What does this tell us? Information is no longer given to us, but it is a shared dialog between everyone who wants to participate. We are no longer consumers but prosumers (Mitew 2012). The Internet has given us free access to an immediate flow of information and there are no filters or gatekeepers to “frame” the stories. I am thinking that if mainstream media is on its way out and the Governments no longer can rely on controlling the media, maybe democracy finally will be 100%. It sounds good, but is it all just positive? The credibility of the stories can be doubtful and it is hard to know if the stories can be trusted or not.

I find it hard to see the best solution. I think it is a relief that we have found a way to challenge our gatekeepers, but I am not convinced we can “be our own bosses”. We need to find a way where we all can participate and have a say, a way where we (the prosumers), the industries and the Governments all have power to influence.


Mitew, T 2012, User empowerment, access and participation, lecture, BCM112, Convergent Media Practices, University of Wollongong, delivered 26 March.

I have earlier discussed the major conglomerates and their goal to gain total control over media content and users. At that point I was referring to copyright and how our rights as participants are being restrained. Most people today own a mobile phone and the opportunity of being online is constantly there, “our phones become an interface to the internet” (Mitew 2012).

Since we use our phones to this extent, should not the restrictions built into them worry us? Many industries today try to regain control over the market after the Internet came, and we should be aware of some of their ideologies. Look at Facebook or products from Apple, these are media platforms used by millions of people, and no one think about how controlled these mediums are. They are closed platforms, with “walled gardens of applications” (Mitew 2012), meaning that the producer decides what you as a user can do. They have taken complete control over the media-platform and the content in it. If you post something on Facebook which they do not like they will remove it, keeping you from the right to express yourself. It reminds me of the big media conglomerates.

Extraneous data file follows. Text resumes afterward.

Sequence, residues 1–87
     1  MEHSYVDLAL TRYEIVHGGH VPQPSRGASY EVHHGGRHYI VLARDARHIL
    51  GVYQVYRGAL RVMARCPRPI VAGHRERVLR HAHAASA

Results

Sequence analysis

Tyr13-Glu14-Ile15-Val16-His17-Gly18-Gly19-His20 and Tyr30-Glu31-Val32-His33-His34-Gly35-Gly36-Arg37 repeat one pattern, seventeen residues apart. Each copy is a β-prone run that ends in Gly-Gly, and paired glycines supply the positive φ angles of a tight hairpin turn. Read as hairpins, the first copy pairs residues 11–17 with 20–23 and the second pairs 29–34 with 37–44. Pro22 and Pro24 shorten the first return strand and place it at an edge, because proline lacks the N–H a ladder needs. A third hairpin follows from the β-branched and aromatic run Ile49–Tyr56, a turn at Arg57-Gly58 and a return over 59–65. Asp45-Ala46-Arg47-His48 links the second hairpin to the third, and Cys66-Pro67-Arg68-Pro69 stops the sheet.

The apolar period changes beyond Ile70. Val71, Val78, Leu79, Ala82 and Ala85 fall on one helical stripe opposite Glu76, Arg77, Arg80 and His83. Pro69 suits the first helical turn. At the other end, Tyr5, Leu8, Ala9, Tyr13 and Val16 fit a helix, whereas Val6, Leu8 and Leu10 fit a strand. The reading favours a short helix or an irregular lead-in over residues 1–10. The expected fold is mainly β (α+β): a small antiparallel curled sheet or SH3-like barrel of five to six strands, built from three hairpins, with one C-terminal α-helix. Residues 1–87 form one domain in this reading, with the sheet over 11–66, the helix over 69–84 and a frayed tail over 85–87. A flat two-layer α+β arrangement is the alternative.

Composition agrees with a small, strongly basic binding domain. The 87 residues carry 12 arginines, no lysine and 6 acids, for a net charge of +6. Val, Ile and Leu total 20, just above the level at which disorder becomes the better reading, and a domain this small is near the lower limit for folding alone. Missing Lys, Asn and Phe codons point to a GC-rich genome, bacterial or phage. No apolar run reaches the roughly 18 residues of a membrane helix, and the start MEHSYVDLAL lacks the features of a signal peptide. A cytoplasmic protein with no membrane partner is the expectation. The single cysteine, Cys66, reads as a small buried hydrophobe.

Android phones and Flickr are examples of open media platforms. They give the user full control of the content and allow them to participate. Take Flickrs API page as an example. API stands for “application programming interface” and gives the user the possibility to create its “own program to present public Flickr data (…) in new and different ways”. Wikipedia (2012) states:

“The practice of publishing APIs has allowed web communities to create an open architecture for sharing content and data between communities and applications. In this way, content that is created in one place can be dynamically posted and updated in multiple locations on the web.”

There is a backside of many users being able to create and control, viruses for instance, but the way I see it we have two choices: Open or closed? I also see two ideologies: “The industry controls you or you control you own choices” (Mitew 2012). Our lecturer asked us this question yesterday: Which philosophy empowers users the most?

We are afraid that the media conglomerates will take too much control over us, why are we not more worried about the philosophy of Apple and Facebook? They are doing the exact same thing! They want to control you, control what you say, what you share, what you can do, what you buy, what you listen to etc. In the long run this can be a matter of freedom of speech, and that is a something that ought to concern us all. Freedom of speech is a human right and in a way all that we have. Wikipedia defines free speech like this:

“Freedom of speech is the political right to communicate one’s ideas via speech. The term freedom of expression is sometimes used synonymously, but includes any act of seeking, receiving and imparting information or ideas, regardless of the medium used.”

This is exactly what some industries are trying to prevent us from.


Mitew, T 2012, Platforms, permissions & ideologies in technological convergence, BCM112, Convergent Media Practices, University of Wollongong, delivered 19 March.